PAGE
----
2015 / Director. Jonathan Levine.
Review by Glenn Cochrane.
With the incumbent release of festive films this year comes THE NIGHT BEFORE, a comedy that is essentially SUPERBAD meets IT'S A WONDERFUL LIFE. Joseph Gordon-Levitt and Seth Rogan reunite with their 50/50 director Jonathan Levine, with Anthony Mackie along for the ride, and they deliver an expected dose of puerility that plays for cheap laughs.
Levine's previous film was WARM BODIES and he was also responsible for THE WACKNESS and ALL THE BOYS LOVE MANDY LANE, and so with the calibre of those titles (plus the aforementioned 50/50) it's fair to say that THE NIGHT BEFORE is an unexpected departure for a filmmaker of his calibre. But rather than criticise him for turning to such low-brow malarky, I would rather shake his hand and offer him kudos for stepping out and tempting something new.
THE NIGHT BEFORE is dumb... but it works. Rogen and Gordon-Levitt carry their rapport into the movie effectively and their relationship on-screen feels sincere, much like Rogen and James Franco's does in their numerous outings together. Their chemistry is legitimate and that makes the lunacy much easier to buy into. Anthony Mackie completes the circle and the bond that the three share gives the film an dramatic anchor that may have been hard to recognise had the characters been miscast.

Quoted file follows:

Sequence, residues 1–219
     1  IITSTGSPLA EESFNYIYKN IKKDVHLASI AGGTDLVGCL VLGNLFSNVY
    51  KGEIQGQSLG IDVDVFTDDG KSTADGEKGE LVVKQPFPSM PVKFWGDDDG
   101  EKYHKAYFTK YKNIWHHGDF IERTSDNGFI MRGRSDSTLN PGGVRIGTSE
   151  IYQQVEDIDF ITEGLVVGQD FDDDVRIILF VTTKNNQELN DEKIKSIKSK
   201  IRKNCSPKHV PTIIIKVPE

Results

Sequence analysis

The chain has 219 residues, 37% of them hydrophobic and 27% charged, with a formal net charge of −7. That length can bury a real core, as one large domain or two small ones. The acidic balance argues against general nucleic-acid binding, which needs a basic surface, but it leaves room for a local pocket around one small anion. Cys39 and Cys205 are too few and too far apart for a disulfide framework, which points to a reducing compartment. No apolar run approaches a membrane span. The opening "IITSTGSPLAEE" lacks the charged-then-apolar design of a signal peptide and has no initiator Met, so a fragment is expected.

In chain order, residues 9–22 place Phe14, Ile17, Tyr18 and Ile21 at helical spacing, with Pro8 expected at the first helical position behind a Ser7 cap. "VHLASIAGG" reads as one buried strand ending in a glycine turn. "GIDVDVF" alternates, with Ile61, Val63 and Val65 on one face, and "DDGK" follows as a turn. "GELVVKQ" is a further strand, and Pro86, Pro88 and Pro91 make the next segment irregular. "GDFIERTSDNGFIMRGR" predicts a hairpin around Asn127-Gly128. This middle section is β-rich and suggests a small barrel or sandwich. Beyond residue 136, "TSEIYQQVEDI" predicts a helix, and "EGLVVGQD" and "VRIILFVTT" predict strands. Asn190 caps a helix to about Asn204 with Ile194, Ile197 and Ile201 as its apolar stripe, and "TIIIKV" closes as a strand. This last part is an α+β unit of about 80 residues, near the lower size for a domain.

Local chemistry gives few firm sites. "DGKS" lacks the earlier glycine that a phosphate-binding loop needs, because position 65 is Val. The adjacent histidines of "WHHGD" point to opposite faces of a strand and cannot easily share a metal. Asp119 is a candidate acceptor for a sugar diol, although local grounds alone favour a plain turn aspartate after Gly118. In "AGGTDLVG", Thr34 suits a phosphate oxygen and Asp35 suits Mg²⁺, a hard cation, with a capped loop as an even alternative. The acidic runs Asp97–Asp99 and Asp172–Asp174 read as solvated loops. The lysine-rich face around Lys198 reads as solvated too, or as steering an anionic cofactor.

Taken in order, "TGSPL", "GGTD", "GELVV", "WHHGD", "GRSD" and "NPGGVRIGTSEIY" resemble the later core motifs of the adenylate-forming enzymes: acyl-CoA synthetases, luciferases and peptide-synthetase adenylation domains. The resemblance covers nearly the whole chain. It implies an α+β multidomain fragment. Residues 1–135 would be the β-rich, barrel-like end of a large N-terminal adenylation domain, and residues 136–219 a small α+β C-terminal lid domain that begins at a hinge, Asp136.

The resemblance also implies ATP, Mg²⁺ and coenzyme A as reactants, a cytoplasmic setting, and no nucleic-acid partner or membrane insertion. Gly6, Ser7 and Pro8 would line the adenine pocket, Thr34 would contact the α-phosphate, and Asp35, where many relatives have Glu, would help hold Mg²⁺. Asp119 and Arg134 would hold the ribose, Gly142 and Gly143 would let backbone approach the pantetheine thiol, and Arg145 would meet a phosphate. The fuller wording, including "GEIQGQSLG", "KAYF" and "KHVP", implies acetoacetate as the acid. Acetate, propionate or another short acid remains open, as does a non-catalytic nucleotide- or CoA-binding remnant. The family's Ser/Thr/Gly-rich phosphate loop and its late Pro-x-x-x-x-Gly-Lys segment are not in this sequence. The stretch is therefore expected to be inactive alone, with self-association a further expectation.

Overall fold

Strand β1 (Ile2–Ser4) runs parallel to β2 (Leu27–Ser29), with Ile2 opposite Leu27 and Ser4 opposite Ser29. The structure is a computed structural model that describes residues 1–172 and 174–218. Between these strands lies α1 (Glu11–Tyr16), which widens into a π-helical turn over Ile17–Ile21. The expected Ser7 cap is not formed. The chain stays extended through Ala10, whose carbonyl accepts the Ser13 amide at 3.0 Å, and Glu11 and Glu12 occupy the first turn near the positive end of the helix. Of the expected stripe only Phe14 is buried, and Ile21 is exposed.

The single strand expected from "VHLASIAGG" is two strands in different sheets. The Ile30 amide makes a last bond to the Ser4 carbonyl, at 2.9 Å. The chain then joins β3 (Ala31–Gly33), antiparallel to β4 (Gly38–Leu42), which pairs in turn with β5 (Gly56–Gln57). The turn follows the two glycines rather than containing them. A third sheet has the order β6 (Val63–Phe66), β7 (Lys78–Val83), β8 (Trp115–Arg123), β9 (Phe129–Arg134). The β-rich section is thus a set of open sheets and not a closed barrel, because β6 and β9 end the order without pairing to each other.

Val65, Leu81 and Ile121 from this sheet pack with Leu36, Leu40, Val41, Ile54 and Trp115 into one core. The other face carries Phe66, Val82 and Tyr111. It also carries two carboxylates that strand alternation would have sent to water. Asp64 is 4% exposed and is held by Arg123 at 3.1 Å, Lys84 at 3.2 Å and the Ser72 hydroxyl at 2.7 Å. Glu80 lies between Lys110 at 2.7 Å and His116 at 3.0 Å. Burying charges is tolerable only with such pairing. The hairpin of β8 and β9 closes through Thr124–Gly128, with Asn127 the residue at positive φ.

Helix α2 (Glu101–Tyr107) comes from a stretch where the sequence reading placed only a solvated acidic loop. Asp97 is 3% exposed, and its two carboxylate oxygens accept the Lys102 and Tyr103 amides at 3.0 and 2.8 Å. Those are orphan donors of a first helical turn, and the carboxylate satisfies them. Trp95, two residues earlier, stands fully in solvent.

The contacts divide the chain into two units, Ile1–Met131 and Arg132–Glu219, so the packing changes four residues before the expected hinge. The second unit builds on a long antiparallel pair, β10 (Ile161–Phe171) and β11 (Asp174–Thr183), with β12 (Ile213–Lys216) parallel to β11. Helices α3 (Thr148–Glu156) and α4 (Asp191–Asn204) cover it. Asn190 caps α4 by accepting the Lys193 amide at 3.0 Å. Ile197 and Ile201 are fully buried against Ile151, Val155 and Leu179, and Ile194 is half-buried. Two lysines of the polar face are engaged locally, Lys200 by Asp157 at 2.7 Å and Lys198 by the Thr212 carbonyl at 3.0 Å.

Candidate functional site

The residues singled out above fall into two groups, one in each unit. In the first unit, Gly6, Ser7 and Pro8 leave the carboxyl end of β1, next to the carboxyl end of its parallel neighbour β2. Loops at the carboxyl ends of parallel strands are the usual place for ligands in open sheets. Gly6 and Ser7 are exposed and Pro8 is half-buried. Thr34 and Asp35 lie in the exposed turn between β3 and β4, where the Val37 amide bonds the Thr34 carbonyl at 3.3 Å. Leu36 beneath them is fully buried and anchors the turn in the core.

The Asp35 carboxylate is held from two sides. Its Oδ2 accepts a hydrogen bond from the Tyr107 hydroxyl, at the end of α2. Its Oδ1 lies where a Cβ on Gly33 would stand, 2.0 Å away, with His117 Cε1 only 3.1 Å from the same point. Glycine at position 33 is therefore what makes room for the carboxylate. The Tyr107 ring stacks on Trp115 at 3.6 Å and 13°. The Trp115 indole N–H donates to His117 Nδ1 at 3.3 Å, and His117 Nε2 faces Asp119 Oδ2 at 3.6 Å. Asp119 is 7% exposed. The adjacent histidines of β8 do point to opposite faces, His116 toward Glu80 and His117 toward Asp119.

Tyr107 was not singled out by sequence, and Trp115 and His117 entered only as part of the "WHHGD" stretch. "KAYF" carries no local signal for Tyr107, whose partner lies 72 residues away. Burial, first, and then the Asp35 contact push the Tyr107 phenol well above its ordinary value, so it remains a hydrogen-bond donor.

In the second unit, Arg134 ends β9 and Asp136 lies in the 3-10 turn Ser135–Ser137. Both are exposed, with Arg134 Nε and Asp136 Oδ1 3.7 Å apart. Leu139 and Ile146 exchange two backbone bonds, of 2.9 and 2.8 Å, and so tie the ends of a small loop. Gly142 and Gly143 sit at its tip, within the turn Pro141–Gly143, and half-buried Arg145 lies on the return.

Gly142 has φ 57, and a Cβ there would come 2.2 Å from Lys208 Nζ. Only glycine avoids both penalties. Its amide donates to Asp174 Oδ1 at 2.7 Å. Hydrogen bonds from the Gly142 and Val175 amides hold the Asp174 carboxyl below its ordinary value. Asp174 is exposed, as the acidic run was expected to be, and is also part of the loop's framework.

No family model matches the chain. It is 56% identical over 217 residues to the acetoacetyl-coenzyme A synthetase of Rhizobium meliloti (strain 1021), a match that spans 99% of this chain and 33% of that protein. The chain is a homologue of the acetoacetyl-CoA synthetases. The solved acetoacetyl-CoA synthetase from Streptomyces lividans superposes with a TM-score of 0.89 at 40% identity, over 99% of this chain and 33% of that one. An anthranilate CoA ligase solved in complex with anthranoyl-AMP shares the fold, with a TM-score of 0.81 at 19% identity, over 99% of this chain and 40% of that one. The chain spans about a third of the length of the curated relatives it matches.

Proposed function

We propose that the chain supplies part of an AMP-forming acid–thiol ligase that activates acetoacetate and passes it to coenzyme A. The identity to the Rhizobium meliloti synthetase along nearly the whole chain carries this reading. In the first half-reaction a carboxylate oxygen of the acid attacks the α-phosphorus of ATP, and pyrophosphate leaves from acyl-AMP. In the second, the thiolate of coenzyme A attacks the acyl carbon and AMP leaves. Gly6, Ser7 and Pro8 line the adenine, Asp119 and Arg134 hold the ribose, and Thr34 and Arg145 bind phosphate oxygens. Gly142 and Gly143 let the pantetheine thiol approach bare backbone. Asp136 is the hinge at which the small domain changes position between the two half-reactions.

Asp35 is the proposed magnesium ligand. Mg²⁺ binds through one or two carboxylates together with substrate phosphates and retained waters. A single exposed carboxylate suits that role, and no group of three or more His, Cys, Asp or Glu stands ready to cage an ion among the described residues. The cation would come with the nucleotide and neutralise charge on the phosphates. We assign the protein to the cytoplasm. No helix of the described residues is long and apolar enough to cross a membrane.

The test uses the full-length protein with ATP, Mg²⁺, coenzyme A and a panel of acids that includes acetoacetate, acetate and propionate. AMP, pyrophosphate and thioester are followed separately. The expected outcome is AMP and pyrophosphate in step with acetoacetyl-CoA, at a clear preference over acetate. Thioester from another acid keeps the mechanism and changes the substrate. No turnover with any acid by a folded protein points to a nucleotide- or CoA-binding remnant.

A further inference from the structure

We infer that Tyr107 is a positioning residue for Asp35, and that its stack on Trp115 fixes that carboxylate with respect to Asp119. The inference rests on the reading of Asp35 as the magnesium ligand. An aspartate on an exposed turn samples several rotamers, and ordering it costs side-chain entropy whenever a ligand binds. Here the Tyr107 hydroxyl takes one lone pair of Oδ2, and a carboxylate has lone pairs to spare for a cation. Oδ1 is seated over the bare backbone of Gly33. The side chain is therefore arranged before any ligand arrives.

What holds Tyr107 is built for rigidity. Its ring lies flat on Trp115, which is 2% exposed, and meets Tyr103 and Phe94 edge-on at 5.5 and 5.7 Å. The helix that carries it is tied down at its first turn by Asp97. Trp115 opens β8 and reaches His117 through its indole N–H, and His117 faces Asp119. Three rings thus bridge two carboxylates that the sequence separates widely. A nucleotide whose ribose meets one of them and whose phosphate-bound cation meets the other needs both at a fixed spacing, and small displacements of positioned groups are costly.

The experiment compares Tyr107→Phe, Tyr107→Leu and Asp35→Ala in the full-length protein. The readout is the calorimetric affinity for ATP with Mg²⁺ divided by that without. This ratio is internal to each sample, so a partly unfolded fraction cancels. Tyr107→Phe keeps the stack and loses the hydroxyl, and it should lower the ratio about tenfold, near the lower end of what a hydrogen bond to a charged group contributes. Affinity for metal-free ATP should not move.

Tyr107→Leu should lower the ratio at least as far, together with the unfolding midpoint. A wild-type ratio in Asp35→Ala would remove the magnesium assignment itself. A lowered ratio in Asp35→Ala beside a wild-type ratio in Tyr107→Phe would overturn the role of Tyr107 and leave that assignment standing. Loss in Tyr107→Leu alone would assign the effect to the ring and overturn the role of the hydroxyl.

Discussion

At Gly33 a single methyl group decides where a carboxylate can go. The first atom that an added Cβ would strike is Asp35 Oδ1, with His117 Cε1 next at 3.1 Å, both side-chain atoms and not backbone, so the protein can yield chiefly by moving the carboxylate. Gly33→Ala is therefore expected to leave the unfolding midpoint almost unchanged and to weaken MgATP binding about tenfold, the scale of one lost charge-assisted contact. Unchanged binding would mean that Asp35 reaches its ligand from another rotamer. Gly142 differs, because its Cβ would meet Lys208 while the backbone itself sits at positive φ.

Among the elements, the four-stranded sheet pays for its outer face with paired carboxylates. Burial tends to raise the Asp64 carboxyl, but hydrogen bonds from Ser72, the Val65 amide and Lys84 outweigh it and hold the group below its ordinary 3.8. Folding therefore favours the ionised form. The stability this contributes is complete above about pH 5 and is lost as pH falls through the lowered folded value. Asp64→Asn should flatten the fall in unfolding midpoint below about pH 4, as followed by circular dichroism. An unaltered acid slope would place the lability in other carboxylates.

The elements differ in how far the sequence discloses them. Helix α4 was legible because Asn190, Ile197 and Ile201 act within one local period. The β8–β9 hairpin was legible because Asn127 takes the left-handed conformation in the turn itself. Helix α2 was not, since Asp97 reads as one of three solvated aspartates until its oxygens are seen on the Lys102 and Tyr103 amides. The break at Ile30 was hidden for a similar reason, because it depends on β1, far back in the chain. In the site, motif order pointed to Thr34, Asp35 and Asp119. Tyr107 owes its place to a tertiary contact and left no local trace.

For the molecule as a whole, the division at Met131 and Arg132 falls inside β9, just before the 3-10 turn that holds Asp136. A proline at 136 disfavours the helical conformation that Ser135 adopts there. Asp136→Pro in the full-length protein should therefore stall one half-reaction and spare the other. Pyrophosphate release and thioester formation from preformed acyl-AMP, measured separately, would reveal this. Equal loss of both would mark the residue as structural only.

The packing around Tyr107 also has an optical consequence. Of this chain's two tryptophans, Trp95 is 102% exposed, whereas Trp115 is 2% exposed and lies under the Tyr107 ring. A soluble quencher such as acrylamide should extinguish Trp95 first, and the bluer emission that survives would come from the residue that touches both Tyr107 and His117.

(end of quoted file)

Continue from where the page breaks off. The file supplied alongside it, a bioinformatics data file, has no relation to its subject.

They play three best friends who made a pact fourteen years ago, that they would spend every Christmas Eve together, getting wasted and letting loose. It was all for the sake of Levitt's character whose parents were killed in a car accident. With age and adult responsibilities becoming a reality, the three of them decide that it's time to move on and so this is to be the last Xmas bash they would ever have. Rogen spends the entire film pinging from an assortment of drugs, Mackie is desperate to find his major-league teammates so he can impress them and Levitt pines for his ex-girlfriend. Honestly? There's very little to the story and each scene is basically a new opportunity for gags. Some gags miss their mark, while others hit the spot. And when they hit... they hit with a bang. There are enough belly-laugh moments to keep this sucker floating and despite being ten to fifteen minutes too long, it holds itself together.
THE NIGHT BEFORE is crass, blasphemous and will probably offend some people... but it's got a lot of heart and spreads the festive message of peace, love and togetherness in a cheesy, yet emotive way. I wouldn't be surprised if it picks up a stronger following as the years roll by and I know that it's one I will return to every few years or so.